When painting your home, take cues from color psychology

The words “paint” and “personality” aren’t often used together, but they certainly could be.

Skillful interior decorating is largely an artistic endeavor, but there’s some science involved, too — and none more important than the psychology of color.
When painting your home, take cues from color psychology
Photo courtesy of The Paint Quality Institute

“Color psychology can help you choose paint colors that create the right mood in a room, affecting not just your own feelings, but those of everyone who enters it,” according to Debbie Zimmer, color expert at the Paint Quality Institute. “In fact, paint color is so powerful that it can influence our state of mind, and even our physiology,” she says.

By understanding the impact of color, she says, you can better incorporate the hues that help create the desired living space mood and setting that best suits your family and personal lifestyle.

While the way a color makes you feel should play a role when selecting an interior paint scheme, it’s only one factor to consider. “Personal color preference should be given at least as much weight,” she adds.

Once you know the basics, feel free to break the rules and create new looks that reflect your unique tastes and personality. The bottom line: “No one will spend more time in your home than you will, so choose colors that you love, and you won’t go wrong.”

Here’s what the color professionals at Sherwin-Williams and Debbie Zimmer had to say about a whole rainbow of shades and tones.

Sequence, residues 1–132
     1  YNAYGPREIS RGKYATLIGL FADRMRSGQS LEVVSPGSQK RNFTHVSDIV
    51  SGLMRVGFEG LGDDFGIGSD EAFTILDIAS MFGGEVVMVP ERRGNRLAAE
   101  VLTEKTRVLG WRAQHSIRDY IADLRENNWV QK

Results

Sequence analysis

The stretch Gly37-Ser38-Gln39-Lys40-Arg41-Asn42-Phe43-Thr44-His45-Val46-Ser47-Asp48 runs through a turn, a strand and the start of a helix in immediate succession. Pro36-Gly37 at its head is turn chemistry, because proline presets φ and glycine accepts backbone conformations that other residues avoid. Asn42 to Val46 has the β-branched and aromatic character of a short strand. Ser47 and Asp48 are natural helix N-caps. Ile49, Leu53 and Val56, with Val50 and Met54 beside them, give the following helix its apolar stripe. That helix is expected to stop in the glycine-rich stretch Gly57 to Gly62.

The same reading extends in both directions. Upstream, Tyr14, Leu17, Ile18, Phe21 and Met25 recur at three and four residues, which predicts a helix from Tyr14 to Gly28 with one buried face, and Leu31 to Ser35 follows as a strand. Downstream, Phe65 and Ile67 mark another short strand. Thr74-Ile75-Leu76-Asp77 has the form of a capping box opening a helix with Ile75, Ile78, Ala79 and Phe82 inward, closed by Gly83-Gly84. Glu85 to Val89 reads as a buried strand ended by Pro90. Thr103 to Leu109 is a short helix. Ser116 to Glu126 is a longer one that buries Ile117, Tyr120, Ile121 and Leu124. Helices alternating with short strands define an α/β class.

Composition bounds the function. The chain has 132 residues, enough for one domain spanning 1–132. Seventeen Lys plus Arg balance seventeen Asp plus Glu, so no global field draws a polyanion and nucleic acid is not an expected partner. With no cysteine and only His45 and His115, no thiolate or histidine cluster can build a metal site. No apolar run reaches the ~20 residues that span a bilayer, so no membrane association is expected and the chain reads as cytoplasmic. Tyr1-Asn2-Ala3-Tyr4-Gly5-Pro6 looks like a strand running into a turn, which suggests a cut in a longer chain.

Color psychology: red | pink | orange | yellow | green | blue | purple | black | white | grey | brown

Color: Red
There’s no equivocation with red. It bespeaks energy and excitement, actually raising the blood pressure and making the heart beat faster.

Red also increases the appetite, which explains why it is used so often in restaurants, and why it can be a good choice for a formal dining room.

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Because it is associated with desire and passion, it’s a perfect paint color for dining rooms and adult bedrooms, says Zimmer, but not right for children’s rooms.

  • Ceilings: weighty and annoying.
  • Walls: advancing and energetic.
  • Floors: confident.

Red is predominantly used as an accent color, but we are currently seeing more of a trend using this color on walls. Large amounts of saturated red create a more complex space, while saturated brown-reds can make a room warm and inviting.

Red paint on master bedroom wall

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